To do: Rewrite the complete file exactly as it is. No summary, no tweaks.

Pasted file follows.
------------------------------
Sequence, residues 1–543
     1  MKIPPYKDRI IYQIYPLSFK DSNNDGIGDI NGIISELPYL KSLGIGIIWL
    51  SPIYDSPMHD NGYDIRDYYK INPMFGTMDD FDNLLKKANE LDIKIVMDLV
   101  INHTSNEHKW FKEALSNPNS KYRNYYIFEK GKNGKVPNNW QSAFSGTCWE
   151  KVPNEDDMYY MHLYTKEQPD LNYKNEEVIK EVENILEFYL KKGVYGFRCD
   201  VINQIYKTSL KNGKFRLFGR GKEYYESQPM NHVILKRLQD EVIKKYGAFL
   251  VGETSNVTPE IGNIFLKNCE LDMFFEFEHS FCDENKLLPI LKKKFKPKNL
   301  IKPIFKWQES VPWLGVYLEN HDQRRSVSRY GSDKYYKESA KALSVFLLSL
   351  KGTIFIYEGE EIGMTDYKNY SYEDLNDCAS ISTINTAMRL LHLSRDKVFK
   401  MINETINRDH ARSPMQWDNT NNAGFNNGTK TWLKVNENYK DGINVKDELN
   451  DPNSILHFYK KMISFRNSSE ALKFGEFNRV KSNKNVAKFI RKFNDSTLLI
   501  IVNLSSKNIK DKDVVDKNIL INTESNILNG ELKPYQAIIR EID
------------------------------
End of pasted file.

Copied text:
Sequence, residues 1–543
     1  MKIPPYKDRI IYQIYPLSFK DSNNDGIGDI NGIISELPYL KSLGIGIIWL
    51  SPIYDSPMHD NGYDIRDYYK INPMFGTMDD FDNLLKKANE LDIKIVMDLV
   101  INHTSNEHKW FKEALSNPNS KYRNYYIFEK GKNGKVPNNW QSAFSGTCWE
   151  KVPNEDDMYY MHLYTKEQPD LNYKNEEVIK EVENILEFYL KKGVYGFRCD
   201  VINQIYKTSL KNGKFRLFGR GKEYYESQPM NHVILKRLQD EVIKKYGAFL
   251  VGETSNVTPE IGNIFLKNCE LDMFFEFEHS FCDENKLLPI LKKKFKPKNL
   301  IKPIFKWQES VPWLGVYLEN HDQRRSVSRY GSDKYYKESA KALSVFLLSL
   351  KGTIFIYEGE EIGMTDYKNY SYEDLNDCAS ISTINTAMRL LHLSRDKVFK
   401  MINETINRDH ARSPMQWDNT NNAGFNNGTK TWLKVNENYK DGINVKDELN
   451  DPNSILHFYK KMISFRNSSE ALKFGEFNRV KSNKNVAKFI RKFNDSTLLI
   501  IVNLSSKNIK DKDVVDKNIL INTESNILNG ELKPYQAIIR EID